Facing challenges to the civic purpose of higher education, some scholars and administrators turn to the rhetoric of engagement. Simultaneously, the political philosophy of cosmopolitanism has gained intellectual favor, advocating openness to the lived experiences of distant others. We articulate linkages between these two discourses in an extended case study, finding that a cosmopolitan ethos of engagement in a rural context can improve (1) understanding among people ordinarily separated by spatialized social-ecological differences, (2) prospects for longer term environmental sustainability, and (3) the visionary potential of collaborative inquiry. Despite globalization of food systems and neoliberal shifts in fishery management, an annual fisheries forum facilitates coalitions that overcome dichotomies between technocratic and local knowledge, extending benefits to fishing communities, academia, and public policy. Iterative and loosely structured capacity building expands informally through affective processes of recognition and care, as decentralized leadership supports collective mobilization toward alternate futures.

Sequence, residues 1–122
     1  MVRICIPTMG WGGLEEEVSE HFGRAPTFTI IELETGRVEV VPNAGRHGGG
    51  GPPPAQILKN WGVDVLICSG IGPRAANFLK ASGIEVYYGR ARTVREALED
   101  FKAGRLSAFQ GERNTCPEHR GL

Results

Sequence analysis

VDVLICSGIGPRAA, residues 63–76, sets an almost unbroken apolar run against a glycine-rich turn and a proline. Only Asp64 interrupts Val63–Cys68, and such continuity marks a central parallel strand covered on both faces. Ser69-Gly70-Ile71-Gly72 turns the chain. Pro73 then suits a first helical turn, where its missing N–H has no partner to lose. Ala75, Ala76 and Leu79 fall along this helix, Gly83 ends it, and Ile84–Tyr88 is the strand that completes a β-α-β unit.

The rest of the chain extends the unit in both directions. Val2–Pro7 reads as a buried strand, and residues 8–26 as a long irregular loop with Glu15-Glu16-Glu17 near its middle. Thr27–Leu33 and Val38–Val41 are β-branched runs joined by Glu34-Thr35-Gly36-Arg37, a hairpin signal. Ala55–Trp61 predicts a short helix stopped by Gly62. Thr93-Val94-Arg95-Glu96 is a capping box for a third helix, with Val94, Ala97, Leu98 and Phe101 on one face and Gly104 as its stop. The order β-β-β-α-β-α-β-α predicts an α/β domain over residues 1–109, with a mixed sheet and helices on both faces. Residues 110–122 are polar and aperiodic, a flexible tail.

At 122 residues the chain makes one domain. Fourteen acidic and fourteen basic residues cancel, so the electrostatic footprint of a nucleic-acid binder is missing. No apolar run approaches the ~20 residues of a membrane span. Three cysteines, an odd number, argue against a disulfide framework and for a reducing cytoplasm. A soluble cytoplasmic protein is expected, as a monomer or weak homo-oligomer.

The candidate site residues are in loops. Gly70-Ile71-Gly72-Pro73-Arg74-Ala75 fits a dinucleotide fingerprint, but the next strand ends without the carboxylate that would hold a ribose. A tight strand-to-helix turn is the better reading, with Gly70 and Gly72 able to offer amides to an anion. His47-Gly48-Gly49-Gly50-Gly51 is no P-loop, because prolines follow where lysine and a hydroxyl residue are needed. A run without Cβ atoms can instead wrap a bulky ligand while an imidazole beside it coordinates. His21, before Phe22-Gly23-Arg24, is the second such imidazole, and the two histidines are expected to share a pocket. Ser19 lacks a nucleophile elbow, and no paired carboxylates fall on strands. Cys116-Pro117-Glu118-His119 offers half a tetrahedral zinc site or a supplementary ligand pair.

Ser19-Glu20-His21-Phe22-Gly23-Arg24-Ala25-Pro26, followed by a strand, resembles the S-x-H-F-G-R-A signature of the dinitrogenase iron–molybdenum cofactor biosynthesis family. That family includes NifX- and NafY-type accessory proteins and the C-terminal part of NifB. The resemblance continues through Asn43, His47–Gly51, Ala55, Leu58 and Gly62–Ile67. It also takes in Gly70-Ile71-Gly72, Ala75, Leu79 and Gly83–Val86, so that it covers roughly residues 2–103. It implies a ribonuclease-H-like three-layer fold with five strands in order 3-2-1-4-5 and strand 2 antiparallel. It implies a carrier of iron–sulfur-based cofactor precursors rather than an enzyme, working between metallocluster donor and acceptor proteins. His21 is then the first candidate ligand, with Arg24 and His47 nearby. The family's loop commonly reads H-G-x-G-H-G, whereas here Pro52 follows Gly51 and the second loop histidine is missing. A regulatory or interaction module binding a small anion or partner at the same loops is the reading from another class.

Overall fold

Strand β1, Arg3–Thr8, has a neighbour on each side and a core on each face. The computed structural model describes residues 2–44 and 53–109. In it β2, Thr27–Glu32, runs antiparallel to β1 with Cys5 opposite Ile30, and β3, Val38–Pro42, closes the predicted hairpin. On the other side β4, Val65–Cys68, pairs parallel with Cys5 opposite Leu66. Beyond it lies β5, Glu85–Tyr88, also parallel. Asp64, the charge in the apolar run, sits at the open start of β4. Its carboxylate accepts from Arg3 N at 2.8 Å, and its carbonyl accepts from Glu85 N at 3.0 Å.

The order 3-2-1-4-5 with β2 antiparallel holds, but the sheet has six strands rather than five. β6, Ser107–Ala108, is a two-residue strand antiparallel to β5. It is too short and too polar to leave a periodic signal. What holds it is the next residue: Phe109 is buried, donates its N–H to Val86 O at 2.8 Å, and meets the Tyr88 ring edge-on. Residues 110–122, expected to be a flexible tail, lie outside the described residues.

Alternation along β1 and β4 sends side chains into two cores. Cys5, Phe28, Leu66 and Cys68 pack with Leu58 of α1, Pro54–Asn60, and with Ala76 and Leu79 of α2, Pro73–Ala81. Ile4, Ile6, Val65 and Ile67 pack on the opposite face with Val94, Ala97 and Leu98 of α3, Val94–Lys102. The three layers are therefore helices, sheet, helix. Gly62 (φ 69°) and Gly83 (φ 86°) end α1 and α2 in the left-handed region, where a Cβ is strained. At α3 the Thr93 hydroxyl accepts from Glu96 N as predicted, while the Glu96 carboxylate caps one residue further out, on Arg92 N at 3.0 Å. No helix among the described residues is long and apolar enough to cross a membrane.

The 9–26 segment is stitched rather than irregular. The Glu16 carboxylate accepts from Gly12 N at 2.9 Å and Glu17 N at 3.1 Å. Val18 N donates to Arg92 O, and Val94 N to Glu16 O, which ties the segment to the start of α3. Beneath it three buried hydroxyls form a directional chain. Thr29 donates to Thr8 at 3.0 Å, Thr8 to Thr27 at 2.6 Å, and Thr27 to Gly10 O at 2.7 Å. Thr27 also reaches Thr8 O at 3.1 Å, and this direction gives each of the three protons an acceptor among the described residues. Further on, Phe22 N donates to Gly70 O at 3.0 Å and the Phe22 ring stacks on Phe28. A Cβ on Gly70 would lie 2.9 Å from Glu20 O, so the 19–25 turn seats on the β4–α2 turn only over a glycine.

Digital Object Identifier (DOI)
Brewer, J.F., N. Springuel, J. Wilson, R. Alden, D. Morse, C. Schmitt, C. Bartlett, T. Johnson, C. Guenther, and D. Brady. 2017. “Engagement in a Public Forum: Knowledge, Action, and Cosmopolitanism.” Antipode, 49(2), 273-293.
© 2016 The Author. Antipode © 2016 Antipode Foundation Ltd.
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